- Peter Bodo, Tennis
- 0 Shares
The Australian Open has been very kind to Novak Djokovic, and at first glance, it seemed to get even more magnanimous. The defending champion, Djokovic is poised to become the first man in the Open era to carry off the title five times, and he appears to have been gifted with a draw that’s significantly friendlier than the one foisted on top-seeded Rafael Nadal.
But is it, really? Let’s look at the draw quarter-by-quarter, starting at the top, Nadal section.
If Nadal’s quarter seems tougher, it’s largely because his first-round pairing jumps out at you. He’s going to meet the great Australian hope (and, sometimes, dope), Bernard Tomic. Forget all the controversy about Tomic and his wacky father. Apart from anything else -- including the hype this match will generate Down Under -- Tomic always lifts his game at home. He’s a tricky, shifty player, and he probably wants to win back some of the fans he’s lost with his antics.
A third-round rematch with Gael Monfils (whom Nadal beat in a three-set final in the Doha final last Sunday) is no gimme, either, and Nadal’s projected fourth-round opponent is a tough out, No. 16 seed Kei Nishikori. If nothing else, the draw will certainly leave Nadal broken in for a potentially grueling quarterfinal battle with No. 5 seed Juan Martin del Potro.
Moving into the second quarter of the draw, Roger Federer may be down to No. 6 in the rankings, but the way they now do the draw, he’s ensconced in the slot that once was reserved for either the No. 3 or 4 seed (this year, David Ferrer and Andy Murray respectively) -- the very bottom of the top half.
As it turned out, Murray ended up at the top of that second quarter. It’s probably fine with him, because he’s now got good reason to rethink those gloomy predictions he’s been making about his chances in Melbourne. (Murray was out most of the fall for minor back surgery and rehab, and has played exactly two tournament matches since shortly after the US Open.)
Murray appears to have little to worry about until a fourth-round meeting with No. 13 John Isner (Murray could get a qualifier in both the second and third rounds). By contrast, Federer in that quarter might have to survive former finalist and No. 10 seed Jo-Wilfried Tsonga or former semifinalist Marin Cilic, to make a projected date with Murray in the quarters.
With Murray and Federer both in that second quarter, the third quarter is up for grabs. The high seed is No. 3 David Ferrer, and the biggest threat to his semifinal dreams appears to be the next-highest seed in that section, No. 7 Tomas Berdych. Ferrer seems to be having trouble grinding with his familiar enthusiasm now that he’s 31, and Berdych is consistent, but he didn’t win a title in 2013 (although he did lead the Czech Republic to a highly valued Davis Cup title).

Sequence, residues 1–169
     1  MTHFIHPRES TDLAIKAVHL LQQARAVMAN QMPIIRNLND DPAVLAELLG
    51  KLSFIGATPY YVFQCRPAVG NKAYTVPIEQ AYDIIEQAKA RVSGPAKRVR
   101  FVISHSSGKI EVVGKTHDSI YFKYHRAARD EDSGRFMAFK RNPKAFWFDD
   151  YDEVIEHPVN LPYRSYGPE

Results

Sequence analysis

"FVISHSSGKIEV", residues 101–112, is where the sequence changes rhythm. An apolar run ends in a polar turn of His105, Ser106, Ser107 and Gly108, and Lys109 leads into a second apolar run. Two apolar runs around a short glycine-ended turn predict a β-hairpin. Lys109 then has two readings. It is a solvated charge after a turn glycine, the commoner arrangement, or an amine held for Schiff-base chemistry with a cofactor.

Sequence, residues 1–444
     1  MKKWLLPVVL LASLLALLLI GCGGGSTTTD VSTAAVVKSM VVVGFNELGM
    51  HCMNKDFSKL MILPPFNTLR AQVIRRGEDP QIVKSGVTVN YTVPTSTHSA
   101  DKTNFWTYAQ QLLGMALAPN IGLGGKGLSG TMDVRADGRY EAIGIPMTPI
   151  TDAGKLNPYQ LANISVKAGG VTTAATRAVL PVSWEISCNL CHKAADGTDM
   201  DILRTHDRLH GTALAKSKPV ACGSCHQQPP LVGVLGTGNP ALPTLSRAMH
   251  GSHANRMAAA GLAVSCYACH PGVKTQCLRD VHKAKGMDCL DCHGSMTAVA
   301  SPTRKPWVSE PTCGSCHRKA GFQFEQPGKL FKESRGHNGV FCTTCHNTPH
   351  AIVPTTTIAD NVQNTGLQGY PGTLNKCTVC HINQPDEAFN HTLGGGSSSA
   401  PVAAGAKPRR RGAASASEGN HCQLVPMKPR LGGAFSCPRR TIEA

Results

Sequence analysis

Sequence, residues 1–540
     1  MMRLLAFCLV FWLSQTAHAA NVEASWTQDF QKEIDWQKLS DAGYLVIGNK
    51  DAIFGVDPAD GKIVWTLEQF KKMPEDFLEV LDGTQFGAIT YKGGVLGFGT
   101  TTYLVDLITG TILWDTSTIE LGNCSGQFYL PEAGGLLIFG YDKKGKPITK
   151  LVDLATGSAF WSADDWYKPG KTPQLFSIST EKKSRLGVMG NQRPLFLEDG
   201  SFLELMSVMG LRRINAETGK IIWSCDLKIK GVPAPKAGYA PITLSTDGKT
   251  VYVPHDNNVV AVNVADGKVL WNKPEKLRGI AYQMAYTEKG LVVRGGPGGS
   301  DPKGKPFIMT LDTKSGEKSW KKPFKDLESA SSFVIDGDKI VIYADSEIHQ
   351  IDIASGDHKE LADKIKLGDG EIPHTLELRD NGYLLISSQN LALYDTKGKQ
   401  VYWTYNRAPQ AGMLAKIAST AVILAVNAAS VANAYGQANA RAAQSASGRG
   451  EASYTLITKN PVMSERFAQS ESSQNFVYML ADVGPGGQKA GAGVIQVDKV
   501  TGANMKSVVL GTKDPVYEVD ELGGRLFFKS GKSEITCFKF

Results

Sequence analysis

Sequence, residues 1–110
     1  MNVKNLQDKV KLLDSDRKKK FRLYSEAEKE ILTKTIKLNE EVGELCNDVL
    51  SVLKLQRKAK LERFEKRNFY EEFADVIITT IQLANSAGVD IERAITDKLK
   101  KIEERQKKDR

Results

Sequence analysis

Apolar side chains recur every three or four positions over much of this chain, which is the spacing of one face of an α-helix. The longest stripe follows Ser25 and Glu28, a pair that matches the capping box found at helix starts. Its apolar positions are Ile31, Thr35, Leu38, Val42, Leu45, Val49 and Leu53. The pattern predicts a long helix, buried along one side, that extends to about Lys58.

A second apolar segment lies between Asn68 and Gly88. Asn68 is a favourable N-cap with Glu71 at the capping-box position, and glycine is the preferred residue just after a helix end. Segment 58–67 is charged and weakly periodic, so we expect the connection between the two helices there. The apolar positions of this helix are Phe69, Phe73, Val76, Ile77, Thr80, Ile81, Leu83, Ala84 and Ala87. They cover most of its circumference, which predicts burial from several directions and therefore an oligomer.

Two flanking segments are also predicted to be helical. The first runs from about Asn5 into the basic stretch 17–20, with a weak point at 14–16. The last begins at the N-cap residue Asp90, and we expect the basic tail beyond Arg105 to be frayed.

That third quarter will be an interesting one, stocked as it is with unpredictable, but dangerous players like No. 20 Jerzy Janowicz and No. 14 Mikhail Youzhny, flashy Alexandr Dolgopolov, No. 12 and former semifinalist Tommy Haas and power servers Ivo Karlovic and Kevin Anderson. If this tournament is going to have a surprise semifinalist, he’s likely to come out of that section of the draw.
And that brings us to the bottom half, and what some see as a relatively easy draw for the defending champ.
Very few players are going to outmaneuver, outrun or outrally Djokovic on the courts at Melbourne Park -- or anywhere else. But Djokovic’s quarter of the draw (as No. 2 seed, he’s at the very bottom) contains a number of men who could conceivably outhit him -- especially if the courts are playing as fast as early reports suggest.
Djokovic could meet Dmitry Tursunov in the third round. Tursunov is an unpredictable, electric shot-maker and he’s playing well. After that, Djokovic could run into one of two other explosive players in his quarter: mercurial Ernests Gulbis or Sam Querrey. And that’s before he even gets to the quarterfinal, where he could meet either Richard Gasquet or (on form) No. 8 seed Stan Wawrinka -- two more guys who rely on fearless and powerful groundstrokes.
Remember, Wawrinka challenged Djokovic in the fourth round in Melbourne last year, and that one turned into an epic, and according to some, the best match of 2013. Djokovic finally won it 12-10 in the fifth, but Wawrinka was No. 17 at the time. He’s a player of a different class -- and ranking -- now.
So though we may not be dropping household names here, nobody in his right mind would call Djokovic’s dance card an easy one. The truth is that if Nadal and Djokovic hope to meet in yet another dream Grand Slam final, they must be prepared to jump through comparably hazardous hoops to make it happen.